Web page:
Thanks to a tip from Pauline, I read the latest book by Lyle McDonald titled Optimal Nutrition for Injury Recovery.
Optimal Nutrition for Injury Recovery
This was an interesting book because I learned I had not been thinking properly about my diet during times of injury.
Whenever I’ve been injured in the past, I dial back my calories and use the opportunity to focus more on getting leaner. My thinking has always been that if I’m not going to the gym, then I’m not earning the calories and if I’m not building muscle then I might as well use the time to drop a few pounds of fat.
Well, I learned from McDonald, that I’ve been thinking about this all wrong. The body needs more calories during injury recovery because building back our injured muscles and tendons is an anabolic activity. He further explains:
…when too few calories are eaten, as occurs when someone diets, their hormones shift to create a catabolic state where tissue is being broken down for energy and this can not optimally support injury recovery.
The book drills into the math on how to calculate your injury calorie requirements. For me, I didn’t need to pull out a calculator to see I have always been too low. Which makes me think that my slow recovery times in the past have been due to not eating enough.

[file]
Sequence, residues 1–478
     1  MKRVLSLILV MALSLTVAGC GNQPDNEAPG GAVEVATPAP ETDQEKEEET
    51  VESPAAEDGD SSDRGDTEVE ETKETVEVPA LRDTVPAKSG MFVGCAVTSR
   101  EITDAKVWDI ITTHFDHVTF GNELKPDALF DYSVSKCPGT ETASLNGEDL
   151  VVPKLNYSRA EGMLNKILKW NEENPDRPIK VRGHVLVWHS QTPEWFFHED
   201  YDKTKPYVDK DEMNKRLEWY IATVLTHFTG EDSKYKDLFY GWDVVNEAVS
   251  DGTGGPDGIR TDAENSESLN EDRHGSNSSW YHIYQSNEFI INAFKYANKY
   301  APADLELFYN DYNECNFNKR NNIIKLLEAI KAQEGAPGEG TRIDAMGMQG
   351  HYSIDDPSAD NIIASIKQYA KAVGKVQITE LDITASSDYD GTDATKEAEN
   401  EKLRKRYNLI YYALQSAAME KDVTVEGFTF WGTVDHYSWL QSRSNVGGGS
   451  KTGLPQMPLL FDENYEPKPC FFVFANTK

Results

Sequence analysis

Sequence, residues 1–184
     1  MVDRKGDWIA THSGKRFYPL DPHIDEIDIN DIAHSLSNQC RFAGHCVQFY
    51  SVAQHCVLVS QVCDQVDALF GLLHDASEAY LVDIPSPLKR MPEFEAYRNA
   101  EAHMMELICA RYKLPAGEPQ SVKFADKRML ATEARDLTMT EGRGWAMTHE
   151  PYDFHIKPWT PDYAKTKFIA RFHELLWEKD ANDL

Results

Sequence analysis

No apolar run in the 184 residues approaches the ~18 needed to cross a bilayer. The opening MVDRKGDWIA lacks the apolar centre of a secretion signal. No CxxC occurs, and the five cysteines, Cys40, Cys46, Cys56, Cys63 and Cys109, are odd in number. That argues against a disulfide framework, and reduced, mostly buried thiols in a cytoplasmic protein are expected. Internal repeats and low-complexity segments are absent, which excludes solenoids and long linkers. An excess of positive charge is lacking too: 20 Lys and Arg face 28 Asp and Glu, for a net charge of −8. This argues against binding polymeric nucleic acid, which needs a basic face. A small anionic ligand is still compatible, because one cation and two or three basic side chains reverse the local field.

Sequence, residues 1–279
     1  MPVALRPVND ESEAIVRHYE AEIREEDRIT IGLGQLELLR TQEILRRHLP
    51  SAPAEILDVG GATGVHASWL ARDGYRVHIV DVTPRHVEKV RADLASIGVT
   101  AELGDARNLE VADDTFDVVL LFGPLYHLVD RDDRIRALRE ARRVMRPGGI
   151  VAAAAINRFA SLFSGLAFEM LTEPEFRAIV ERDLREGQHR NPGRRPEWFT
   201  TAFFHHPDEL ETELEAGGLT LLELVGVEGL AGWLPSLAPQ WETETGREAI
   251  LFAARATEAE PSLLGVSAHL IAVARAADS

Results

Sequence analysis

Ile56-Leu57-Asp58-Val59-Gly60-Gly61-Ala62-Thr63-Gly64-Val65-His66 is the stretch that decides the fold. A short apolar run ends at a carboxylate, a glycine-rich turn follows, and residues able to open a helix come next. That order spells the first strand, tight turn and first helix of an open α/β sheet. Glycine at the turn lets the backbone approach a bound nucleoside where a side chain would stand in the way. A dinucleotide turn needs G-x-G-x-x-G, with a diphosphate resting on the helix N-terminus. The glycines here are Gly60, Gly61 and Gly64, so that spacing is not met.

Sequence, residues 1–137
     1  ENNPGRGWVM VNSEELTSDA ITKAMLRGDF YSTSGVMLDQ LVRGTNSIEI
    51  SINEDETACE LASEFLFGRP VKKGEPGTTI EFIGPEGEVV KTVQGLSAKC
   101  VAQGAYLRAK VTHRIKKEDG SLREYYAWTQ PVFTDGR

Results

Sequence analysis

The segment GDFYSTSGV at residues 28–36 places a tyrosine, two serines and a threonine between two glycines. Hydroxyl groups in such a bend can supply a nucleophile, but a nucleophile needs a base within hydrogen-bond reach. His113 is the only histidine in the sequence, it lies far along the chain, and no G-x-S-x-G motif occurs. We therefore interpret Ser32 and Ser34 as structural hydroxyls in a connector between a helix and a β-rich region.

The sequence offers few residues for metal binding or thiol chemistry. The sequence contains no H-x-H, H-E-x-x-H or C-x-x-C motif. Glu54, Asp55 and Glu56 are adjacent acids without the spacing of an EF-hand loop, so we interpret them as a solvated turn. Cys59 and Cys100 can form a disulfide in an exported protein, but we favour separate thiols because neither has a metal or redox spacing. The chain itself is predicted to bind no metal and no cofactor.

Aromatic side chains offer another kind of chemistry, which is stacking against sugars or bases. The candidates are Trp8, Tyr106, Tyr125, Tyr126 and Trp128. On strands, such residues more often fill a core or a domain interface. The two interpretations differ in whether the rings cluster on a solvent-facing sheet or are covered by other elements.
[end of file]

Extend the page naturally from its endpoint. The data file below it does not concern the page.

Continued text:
Another important idea I got from the book was to go higher in protein during injury recovery, especially foods rich in leucine such as dairy. Whey supplementation can also help.
What did I eat after my September injury? MOAR POTATOES! Hack away. So not only was I in a severe caloric deficit, but I was also consuming a very low protein amount. In other words, my diet was far from optimal for injury recovery.
The book also covers some supplement ideas supported by research. The top supplement being Fish Oil. Longtime readers know that I don’t think highly of fish oil. I also recognize McDonald is much smarter than me.
However, even if I were to be convinced that fish oil is a solid supplement, I don’t trust the supply chain. In January 2016, Frontline did an expose on fish oil that confirmed some of the suspicions I had back in 2010. Unlike many supplements that are worthless because they do nothing, the risk with fish oil is that if you pick the wrong brand or bottle, it could do harm.
These are just a few ideas I got from the book Optimal Nutrition for Injury Recovery. I will absolutely be eating a higher calorie diet rich in dairy protein during this recovery and future ones. As for the fish oil, I think that I’ll stick to regular fish for now.